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Students sue CUNY law school over ban on commencement speakers, saying move is anti-Palestinian

Eight CUNY Law School students are suing the embattled institution, claiming it violated federal censorship rules by excluding from the start student-selected speakers who have recently been anti-Israel.

The ban on the left-wing institution was imposed after graduate Fatima Mousa Mohammed gave a hate-filled speech last spring denigrating Israel, “white supremacy” in America and the “fascist” NYPD.

The students’ complaint, filed in Manhattan federal court, alleges “suppression” of free speech and “unlawful suppression” of two customs for the opening of the City University of New York law school, publicly funded: student-elected speakers and live students. broadcast and recording of the event.

CUNY Law School student Fatima Mousa Mohammed started hate speech early last year.
Protesters gathered outside CUNY in early spring. Getty Images

The plaintiffs claim that CUNY censors speech that supports “Palestinian freedom.”

This year’s CUNY law graduation ceremony will take place on May 23 at the Apollo Theater in Harlem in Manhattan.

“CUNY Law has a long history of celebrating its founding with elected student speakers, who often highlight social justice causes and freedom movements,” said Sajia Hanif, a third-year student at CUNY Law and the one of the plaintiffs, in a press release published by Muslimadvocates. .org, the group that filed the complaint.

“It is outrageous that CUNY would rather erase this tradition and stifle free speech than allow students to speak and be heard at the culmination event of their program,” Hanif said.

“The cancellation of student speakers only happened after Arab, Palestinian and visibly Muslim women began speaking out in support of Palestinian freedom – clearly a targeted and discriminatory response aimed at preventing students from call for an end to the Israeli genocide against the Palestinians in Gaza. »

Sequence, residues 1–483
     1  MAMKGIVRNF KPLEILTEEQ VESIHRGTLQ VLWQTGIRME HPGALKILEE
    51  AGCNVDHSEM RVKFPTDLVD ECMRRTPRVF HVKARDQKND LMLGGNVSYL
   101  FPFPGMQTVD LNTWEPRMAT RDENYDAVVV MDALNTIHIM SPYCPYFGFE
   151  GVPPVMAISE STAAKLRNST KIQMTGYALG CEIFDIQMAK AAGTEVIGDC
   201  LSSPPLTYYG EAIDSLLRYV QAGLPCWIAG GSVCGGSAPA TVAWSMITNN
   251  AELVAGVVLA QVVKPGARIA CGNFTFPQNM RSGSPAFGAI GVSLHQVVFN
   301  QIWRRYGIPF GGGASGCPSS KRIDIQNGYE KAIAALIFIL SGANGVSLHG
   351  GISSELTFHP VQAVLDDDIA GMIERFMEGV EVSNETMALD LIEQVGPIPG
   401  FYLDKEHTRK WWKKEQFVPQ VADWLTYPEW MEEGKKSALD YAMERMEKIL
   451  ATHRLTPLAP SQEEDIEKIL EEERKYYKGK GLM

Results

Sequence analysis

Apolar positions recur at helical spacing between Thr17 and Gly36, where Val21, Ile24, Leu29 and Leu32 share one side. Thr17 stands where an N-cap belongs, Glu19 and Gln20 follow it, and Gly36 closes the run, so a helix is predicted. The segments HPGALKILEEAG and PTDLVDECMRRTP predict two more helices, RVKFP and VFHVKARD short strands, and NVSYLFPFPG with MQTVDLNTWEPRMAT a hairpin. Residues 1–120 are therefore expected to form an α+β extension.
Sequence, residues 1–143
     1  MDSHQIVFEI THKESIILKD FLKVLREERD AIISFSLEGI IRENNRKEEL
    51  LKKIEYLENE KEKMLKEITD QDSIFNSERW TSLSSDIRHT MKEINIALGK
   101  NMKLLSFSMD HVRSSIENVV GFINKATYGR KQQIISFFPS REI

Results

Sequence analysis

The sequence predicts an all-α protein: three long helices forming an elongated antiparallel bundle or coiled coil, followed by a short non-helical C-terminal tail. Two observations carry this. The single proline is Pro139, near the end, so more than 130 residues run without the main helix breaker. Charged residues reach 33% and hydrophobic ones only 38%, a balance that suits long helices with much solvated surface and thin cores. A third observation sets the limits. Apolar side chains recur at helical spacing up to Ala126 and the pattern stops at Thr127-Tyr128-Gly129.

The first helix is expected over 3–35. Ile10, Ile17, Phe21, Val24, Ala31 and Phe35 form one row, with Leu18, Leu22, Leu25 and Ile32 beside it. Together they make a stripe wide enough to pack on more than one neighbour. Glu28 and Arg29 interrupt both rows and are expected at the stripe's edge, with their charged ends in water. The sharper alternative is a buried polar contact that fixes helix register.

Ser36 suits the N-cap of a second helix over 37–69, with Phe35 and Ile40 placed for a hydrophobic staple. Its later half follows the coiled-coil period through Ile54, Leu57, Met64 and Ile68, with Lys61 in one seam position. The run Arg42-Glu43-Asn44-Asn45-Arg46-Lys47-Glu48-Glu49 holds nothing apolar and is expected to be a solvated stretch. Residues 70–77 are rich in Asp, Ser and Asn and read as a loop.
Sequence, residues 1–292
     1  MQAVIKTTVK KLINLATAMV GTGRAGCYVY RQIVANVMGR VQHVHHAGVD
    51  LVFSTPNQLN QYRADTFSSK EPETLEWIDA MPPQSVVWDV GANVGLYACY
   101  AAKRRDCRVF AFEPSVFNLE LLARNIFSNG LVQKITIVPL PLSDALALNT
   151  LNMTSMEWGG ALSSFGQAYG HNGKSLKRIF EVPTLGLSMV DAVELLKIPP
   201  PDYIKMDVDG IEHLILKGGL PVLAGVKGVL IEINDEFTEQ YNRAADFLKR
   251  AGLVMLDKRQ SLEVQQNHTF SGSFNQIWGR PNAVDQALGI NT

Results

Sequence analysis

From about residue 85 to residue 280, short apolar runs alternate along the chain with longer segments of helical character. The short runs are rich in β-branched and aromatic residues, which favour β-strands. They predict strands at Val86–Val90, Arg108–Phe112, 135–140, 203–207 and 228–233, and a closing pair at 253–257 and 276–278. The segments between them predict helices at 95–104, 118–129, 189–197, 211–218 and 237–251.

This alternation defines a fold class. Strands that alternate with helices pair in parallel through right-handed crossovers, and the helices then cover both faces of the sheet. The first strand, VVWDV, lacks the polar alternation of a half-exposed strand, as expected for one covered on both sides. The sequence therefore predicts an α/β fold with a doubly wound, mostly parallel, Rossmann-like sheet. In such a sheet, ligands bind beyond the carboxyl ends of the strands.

Another plaintiff, Nusayba Hammad, a third-year Palestinian law student, said the restriction on free speech “affects all CUNY Law graduate students and sets a dangerous precedent not only for students who want to speak in support for the Palestinians but for anyone at CUNY who advocates for justice. and freedom. »

The lawsuit names CUNY Law School Dean Sudha Setty as a defendant, along with CUNY Chancellor Felix Matos Rodgriguez and the CUNY Board of Trustees, including President Bill Thompson.

The lawsuits claim that pro-Palestinian and anti-Israeli viewpoints were targeted for censorship, in violation of free speech rights guaranteed by the First Amendment.

“The First Amendment clearly protects free speech within public institutions such as
CUNY, regardless of view, and subject only to very narrow limitations,” the lawsuit states.

“Its protections are especially crucial in a setting like law school, which is supposed to train students like plaintiffs to critically confront the opposing and often charged viewpoints that abound in legal defense.” »

A representative from CUNY Law responded: “In accordance with University policy, CUNY School of Law does not comment on complaints or pending litigation. »

Protesters at City College raged last month. Getty Images

CUNY’s chancellor and board of trustees also declined to comment on the litigation through a representative.

The lawsuit comes as numerous pro-Hamas anti-Israel protests and even riots have recently taken place on college campuses – including at Columbia University – where law-breaking protesters have been arrested for vandalizing and occupied a university building.

Additionally, the CUNY Law School Council and student government passed resolutions in support of the boycott, divestment and sanctions movement against Israel, which critics say resembles anti-Semitism.

CUNY stressed the importance of holding graduation ceremonies without interruption.

“Each year, more than 50,000 CUNY students proudly graduate in more than 25 commencement ceremonies, a tradition we look forward to continuing this year,” CUNY said in a general statement regarding the opening on its campuses.

“We are working with campus leaders to ensure students enjoy a sendoff with their classmates, families and faculty that honors their hard work and accomplishments.” »

New York Post

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